Staff at Aria Health's Frankford campus violated hospital policy by not checking on Joaquin Rivera before he died in the emergency room in November, a top hospital official said yesterday at a City Council hearing held to probe the school guidance counselor's death.
"The policy was in place but not adhered to," Linde Finsrud Wilson, chief operating officer of Aria Health, said during the three-hour session.
Attorney Thomas Kline, who has been retained by Rivera's family to file a civil lawsuit against Aria Health System, said that Rivera, 63, was a victim of medical negligence.
"There were blatant and flagrant violations of policies and procedures," Kline said after his testimony. "We need to judge Aria on its deeds to date, not its words."
According to a report released last month by the state Department of Health, Rivera, a musician and Olney High School counselor, died of a heart attack and was unattended for more than 40 minutes. The state report said hospital staff made extensive errors before, during and after Rivera's death.
While Rivera sat dead in the waiting room, three vagrants stole his wristwatch.
Wilson said the hospital has also conducted a full review and made key changes to emergency-room procedures since Rivera's death, including adding security and requiring that the triage nurse go into the emergency room to look for patients.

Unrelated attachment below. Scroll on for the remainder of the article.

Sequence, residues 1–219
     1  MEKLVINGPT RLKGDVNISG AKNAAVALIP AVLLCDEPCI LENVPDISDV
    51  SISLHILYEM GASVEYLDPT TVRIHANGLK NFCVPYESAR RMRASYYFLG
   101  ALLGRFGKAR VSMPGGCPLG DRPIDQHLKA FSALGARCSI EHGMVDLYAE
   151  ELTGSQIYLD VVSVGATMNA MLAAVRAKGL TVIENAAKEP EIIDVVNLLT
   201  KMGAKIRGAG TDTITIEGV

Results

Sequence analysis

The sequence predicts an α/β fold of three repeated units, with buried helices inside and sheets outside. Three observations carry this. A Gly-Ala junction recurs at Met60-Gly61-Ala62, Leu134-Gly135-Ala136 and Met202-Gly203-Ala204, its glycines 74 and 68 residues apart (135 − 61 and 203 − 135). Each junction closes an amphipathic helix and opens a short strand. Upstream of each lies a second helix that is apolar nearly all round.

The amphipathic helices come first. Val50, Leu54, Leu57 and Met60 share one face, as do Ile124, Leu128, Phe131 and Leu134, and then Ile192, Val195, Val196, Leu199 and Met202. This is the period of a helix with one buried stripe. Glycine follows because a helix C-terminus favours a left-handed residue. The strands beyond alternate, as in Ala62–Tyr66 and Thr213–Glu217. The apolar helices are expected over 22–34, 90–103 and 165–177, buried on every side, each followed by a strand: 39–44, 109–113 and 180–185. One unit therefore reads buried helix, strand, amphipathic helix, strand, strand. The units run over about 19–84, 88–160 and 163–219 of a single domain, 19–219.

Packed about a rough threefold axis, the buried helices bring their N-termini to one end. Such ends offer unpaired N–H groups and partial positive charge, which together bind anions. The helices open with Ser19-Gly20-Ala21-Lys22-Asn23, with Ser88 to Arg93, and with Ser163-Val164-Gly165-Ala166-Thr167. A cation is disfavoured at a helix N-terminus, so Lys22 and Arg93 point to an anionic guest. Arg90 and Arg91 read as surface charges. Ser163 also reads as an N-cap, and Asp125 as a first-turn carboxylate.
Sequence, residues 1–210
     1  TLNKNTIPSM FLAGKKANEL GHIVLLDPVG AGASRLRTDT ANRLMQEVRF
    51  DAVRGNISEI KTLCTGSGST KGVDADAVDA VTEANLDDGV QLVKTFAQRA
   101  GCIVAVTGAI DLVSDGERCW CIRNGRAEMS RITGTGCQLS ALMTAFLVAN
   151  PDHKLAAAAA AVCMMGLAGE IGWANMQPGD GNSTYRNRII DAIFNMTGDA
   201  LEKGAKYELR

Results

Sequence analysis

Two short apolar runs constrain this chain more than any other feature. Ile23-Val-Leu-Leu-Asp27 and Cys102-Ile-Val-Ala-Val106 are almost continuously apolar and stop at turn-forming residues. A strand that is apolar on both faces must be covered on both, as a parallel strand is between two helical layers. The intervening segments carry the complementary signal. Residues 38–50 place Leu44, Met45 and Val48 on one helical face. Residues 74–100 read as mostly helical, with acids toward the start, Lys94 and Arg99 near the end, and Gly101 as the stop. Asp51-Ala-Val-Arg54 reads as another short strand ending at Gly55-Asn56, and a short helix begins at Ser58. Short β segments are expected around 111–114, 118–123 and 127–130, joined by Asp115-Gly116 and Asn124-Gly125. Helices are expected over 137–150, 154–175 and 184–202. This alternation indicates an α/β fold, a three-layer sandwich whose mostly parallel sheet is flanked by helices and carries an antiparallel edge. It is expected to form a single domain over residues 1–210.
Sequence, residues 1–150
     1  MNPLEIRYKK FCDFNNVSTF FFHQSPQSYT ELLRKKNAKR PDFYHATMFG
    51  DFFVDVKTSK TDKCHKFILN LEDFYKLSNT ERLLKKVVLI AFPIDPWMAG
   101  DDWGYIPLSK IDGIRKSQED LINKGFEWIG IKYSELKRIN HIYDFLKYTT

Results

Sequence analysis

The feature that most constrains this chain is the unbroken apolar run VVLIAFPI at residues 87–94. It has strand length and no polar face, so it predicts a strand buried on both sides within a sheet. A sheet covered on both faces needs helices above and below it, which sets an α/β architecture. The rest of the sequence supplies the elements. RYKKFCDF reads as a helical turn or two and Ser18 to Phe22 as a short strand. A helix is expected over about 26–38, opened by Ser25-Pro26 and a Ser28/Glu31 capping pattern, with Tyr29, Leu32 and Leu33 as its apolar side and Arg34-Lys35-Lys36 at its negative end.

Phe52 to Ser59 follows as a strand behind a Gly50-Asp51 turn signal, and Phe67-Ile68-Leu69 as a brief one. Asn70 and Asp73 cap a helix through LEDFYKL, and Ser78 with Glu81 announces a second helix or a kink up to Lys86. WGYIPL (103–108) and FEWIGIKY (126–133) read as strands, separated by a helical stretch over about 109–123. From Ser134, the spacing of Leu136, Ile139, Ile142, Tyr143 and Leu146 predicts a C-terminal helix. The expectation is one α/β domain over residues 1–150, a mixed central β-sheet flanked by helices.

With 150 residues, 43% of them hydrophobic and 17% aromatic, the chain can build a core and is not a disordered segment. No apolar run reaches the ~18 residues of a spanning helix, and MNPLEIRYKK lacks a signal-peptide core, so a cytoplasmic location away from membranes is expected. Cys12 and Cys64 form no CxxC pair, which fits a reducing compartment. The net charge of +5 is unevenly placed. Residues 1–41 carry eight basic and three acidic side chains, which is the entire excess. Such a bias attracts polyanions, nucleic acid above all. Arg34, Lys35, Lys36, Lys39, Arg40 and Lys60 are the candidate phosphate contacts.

She also said that the hospital provides much-needed services to the Frankford community, while under financial stress.
"While Mr. Rivera's death was a tragic occurrence that Aria has addressed with swift action, I stand before you today to respectfully ask that the Frankford campus, the lone provider of emergency care for a service area with a total population of 425,000, as well as its dedicated and caring staff, not be judged by this one incident," Wilson said.
Councilwoman Maria Quinones-Sanchez said the hearing should be a considered a "teaching moment" on what residents should expect out of emergency-room care. She described Rivera as a personal friend.